Rely on Scientific Information,
Not Political Rhetoric Says Governor
October 30, 2007
(SitNews) - Governor Sarah Palin on Friday called on Congressman
Brad Miller to use scientific information, not political rhetoric,
to set important public policy issues.
Miller recently tried to undermine the State of Alaska's April
2007 comments on the proposed listing of polar bears as threatened
under the Endangered Species Act. He attempted to discredit one
of 54 studies the State had cited. The study was one of many
supporting Alaska's position that polar bears should not be listed.
The State concluded the best available scientific and commercial
data do not demonstrate that the polar bear is likely to become
endangered in the foreseeable future.
In an October 17 news release and letter to ExxonMobil Corporation,
Rep. Miller (D-North Carolina) alleged that the scientific study
published in the September 2007 edition of Ecological Complexity
was just an opinion piece by unqualified individuals tainted
by industry funding. The Governor responded that Miller's unfounded
criticism could chill scientific debate.
The study that Miller questioned is a collaboration of seven
respected scientists with worldwide expertise in climate and
environmental research. None pretend to be polar bear biologists,
as Miller claimed. Also contrary to Miller's claims, the study
was published after extensive review more than a year following
its initial submittal for publication.
The study explores many variables, such as solar cycles, that
may be significant factors affecting Arctic surface air temperatures
and sea ice conditions. The climate models used by the Fish
and Wildlife Service in the proposal to list polar bears did
not adequately address these variables. The study also explains
factors affecting polar bear survival published by other scientists,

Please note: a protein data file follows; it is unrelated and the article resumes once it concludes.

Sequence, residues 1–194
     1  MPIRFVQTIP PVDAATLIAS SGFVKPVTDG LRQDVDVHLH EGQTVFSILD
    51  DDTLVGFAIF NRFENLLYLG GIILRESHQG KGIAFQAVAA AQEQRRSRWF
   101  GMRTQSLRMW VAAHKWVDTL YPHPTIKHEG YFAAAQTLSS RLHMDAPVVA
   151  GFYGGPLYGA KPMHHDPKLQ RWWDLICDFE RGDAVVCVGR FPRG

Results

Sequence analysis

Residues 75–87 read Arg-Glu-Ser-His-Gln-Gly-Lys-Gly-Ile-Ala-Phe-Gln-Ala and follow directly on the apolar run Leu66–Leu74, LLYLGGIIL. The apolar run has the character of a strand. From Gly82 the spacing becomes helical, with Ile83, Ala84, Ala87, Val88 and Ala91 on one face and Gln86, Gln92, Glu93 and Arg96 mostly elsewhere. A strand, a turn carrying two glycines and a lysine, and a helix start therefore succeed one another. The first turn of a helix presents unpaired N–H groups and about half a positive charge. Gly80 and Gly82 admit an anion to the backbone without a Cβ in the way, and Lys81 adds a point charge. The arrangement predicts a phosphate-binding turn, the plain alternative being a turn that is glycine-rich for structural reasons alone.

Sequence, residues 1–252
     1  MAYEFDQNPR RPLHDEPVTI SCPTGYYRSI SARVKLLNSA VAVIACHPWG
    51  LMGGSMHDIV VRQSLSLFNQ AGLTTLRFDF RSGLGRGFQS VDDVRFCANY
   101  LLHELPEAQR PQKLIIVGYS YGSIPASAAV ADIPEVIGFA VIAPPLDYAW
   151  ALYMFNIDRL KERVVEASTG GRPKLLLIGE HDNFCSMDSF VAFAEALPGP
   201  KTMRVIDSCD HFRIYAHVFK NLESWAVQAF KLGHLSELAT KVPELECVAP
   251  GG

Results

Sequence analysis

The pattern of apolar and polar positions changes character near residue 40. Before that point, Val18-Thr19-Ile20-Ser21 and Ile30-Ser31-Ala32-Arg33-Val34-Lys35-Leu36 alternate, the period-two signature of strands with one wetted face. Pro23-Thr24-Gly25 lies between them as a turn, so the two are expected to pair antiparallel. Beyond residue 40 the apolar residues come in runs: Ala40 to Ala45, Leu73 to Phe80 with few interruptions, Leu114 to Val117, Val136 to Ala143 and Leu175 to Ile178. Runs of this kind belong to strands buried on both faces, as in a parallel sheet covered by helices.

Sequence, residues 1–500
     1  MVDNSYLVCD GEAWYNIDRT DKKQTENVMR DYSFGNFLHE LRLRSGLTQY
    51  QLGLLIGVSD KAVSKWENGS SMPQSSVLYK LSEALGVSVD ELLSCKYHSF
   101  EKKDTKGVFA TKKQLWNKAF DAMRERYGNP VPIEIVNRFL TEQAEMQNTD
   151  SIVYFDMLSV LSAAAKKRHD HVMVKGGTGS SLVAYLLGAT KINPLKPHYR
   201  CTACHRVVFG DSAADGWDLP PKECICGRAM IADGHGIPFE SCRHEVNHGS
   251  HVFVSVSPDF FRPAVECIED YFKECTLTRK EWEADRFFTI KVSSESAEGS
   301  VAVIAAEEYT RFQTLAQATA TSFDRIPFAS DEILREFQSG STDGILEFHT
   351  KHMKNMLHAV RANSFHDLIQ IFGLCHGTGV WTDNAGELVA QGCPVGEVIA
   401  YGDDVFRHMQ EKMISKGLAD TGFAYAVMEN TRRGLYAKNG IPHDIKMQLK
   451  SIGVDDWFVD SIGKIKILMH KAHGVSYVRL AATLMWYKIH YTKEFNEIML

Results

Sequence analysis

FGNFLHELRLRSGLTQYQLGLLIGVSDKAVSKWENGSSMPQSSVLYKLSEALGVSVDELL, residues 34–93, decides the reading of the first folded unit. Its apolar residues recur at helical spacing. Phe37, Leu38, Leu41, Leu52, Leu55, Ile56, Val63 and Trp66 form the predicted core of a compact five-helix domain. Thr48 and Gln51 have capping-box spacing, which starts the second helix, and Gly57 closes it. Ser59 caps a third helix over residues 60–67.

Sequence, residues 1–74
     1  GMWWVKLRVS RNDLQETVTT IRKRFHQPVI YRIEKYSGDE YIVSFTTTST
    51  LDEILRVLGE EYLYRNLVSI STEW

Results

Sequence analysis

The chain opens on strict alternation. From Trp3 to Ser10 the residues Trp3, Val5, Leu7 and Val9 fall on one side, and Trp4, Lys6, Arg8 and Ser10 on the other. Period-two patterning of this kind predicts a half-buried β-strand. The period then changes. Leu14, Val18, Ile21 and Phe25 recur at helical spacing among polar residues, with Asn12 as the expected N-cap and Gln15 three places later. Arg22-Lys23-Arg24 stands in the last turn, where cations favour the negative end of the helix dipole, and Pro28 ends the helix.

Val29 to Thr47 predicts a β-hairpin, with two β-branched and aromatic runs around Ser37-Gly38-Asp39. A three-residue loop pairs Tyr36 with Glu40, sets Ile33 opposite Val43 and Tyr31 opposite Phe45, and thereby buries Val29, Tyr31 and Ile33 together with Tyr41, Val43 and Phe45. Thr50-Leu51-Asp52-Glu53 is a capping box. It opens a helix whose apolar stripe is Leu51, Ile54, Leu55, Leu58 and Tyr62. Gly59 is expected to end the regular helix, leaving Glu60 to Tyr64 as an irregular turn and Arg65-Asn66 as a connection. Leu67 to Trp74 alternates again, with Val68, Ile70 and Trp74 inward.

which need to be considered when evaluating how populations may
respond to climate change.
Miller also questioned the study's validity because two years
after the data analysis was completed but prior to publication,
one of the collaborating scientists received partial funding
from an oil company for additional research on temperatures and
sea ice around Hudson Bay.
"If the government is going to discredit all such scientists'
research, as Miller does, needed research will not be done,"
Palin said. "Competent scientists will no longer be willing
to undertake required studies or accept industry grants to conduct
Many federal and state agencies routinely require oil companies
to hire scientists to conduct research on the environment and
to analyze impacts of activities. If industry funding discredits
researchers and their research, then the recent USGS reports
would also be discredited. One author listed on six of the nine
USGS reports was associated with at least five other studies
from 2004 through 2007 that acknowledged partial funding from
oil companies. At least eight of the nine USGS reports had at
least one author associated with a recent study acknowledging
oil company funding.
"The United States is a world leader in science because
it encourages academic debate among scientists," said Governor
Palin. "We stand by our use of the study and by our commitment
to free and open scientific debate. Just as importantly, we
also stand by our conviction, as Alaskans, to be responsible
stewards of this Great Land and the often fragile ecosystems
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